SORTIE-ND

Snag Dynamics Studies

Disturbance events such as major insect or disease outbreaks or wildfires can result in high canopy tree mortality rates, creating many snags that can remain standing for decades. Little attention has be given to how snags affect understory light dynamics. We are undertaking research to develop a snag dynamics behaviour for inclusion in the SORTIE-ND simulation model, specific to the mountain pine beetle disturbed forests of northern British Columbia. We are also working to quantify crown openness of all snag species in the sub-boreal spruce forests and with collaborators for the major snag species of the southern boreal forests of Québec where spruce budworm events are common.  

Implications of Alternate Silvicultural Strategies in Mountain Pine Beetle Damaged Stands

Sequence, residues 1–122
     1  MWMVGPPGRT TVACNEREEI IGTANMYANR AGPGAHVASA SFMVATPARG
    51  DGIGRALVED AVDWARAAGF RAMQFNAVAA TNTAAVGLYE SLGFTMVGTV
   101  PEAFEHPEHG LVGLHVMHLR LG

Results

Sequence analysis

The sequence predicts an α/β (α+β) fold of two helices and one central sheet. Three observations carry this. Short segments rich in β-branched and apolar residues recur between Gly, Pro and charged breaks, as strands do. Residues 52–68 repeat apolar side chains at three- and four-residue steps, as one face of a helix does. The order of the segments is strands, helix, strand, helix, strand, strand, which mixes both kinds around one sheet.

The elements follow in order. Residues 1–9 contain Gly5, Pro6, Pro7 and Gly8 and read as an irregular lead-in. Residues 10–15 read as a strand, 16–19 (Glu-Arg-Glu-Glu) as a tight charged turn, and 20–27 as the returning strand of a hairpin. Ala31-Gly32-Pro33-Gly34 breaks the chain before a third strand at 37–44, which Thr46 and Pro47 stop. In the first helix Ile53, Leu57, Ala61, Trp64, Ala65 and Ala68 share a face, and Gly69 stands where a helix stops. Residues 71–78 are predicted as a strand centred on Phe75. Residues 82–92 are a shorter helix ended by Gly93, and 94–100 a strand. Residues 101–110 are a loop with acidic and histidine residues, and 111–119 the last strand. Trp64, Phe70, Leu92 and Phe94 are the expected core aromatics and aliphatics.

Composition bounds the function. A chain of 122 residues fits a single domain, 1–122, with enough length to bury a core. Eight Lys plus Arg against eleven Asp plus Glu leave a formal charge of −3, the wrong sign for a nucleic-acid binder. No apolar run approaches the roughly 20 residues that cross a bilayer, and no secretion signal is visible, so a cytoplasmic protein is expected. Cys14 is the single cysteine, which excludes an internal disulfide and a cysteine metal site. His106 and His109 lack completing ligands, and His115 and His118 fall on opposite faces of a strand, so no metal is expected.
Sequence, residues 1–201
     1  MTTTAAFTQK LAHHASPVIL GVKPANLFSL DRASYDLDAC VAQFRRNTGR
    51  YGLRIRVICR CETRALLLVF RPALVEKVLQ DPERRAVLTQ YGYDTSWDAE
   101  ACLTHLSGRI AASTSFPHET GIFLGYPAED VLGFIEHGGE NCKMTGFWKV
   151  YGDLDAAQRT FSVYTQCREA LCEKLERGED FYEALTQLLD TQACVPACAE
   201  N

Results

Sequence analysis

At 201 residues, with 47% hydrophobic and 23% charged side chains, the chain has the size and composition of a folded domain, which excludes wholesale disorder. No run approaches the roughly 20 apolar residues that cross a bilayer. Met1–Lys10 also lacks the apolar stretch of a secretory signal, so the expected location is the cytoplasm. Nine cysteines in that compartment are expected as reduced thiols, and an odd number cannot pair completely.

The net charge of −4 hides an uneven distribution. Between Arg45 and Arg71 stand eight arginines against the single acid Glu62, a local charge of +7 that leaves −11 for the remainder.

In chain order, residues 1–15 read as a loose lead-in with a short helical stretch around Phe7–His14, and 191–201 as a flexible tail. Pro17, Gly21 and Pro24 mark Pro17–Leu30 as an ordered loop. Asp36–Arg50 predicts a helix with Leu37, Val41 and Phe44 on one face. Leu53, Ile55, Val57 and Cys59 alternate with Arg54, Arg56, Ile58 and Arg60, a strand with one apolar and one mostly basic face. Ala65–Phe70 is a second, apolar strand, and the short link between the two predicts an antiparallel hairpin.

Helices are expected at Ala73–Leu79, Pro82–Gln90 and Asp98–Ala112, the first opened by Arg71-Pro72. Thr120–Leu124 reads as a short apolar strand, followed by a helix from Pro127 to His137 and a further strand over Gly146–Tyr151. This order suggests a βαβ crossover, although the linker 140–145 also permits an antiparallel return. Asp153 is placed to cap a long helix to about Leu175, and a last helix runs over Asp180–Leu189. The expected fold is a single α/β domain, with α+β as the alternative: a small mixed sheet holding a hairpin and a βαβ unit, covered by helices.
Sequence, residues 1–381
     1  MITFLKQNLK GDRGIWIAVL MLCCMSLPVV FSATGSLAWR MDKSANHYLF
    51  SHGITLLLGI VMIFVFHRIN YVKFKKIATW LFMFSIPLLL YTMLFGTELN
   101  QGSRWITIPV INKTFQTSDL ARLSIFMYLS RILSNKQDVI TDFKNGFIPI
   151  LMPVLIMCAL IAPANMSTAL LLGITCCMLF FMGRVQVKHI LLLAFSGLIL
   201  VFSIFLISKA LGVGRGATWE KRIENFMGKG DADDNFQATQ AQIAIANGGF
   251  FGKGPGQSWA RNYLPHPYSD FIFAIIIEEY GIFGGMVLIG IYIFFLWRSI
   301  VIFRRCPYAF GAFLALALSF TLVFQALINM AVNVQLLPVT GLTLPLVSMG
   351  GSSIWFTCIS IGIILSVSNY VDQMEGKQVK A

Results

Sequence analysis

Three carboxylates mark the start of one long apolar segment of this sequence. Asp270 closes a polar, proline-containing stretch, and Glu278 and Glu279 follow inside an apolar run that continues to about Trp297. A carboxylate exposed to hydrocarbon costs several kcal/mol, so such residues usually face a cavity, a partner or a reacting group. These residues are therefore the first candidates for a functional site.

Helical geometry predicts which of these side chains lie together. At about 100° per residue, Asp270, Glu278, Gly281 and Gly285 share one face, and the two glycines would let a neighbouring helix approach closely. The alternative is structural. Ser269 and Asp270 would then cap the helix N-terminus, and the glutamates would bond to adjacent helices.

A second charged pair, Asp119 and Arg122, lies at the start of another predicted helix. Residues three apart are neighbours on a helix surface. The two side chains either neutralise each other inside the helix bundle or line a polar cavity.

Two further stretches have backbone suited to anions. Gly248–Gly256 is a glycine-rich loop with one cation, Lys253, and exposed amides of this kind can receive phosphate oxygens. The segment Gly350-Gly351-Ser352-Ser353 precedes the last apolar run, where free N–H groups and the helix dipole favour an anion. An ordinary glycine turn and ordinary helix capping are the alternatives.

Coates, K. David, Erin Hall. 2005.

This report is one of our first attempts to test model performance in sub-boreal forests damaged by the mountain pine beetle (MPB). We also describe our early work to incorporate a robust snag dynamics behaviour into the SORTIE-ND model. This Technical Report is also summarized in an Extension Note. We use the model to simulate future individual tree and stand growth after different silviculture strategies in MPB attacked stands. We selected four stand types to represent MPB susceptible stands: Pine Minor Spruce, Mixed Pine-Spruce, Spruce Minor Pine, and Pine Dominant. Results of model simulations of understory light environments, natural regeneration survival, and effects of underplanting and delaying planting are reported. For comparision, we present TASS (Tree and Stand Simulator) model projections for single species, even-aged plantations.

 

Crown openness, light transmission and snag dynamics in boreal forests
Coates, K. David, Julie Poulin, Christian Messier and Paula Bartemucci. .

A paper on snag dynamics in boreal forests is in the review process. It presents results from northern BC and Quebec using methods for snags similar to those described for live trees in Canham et al. 1999.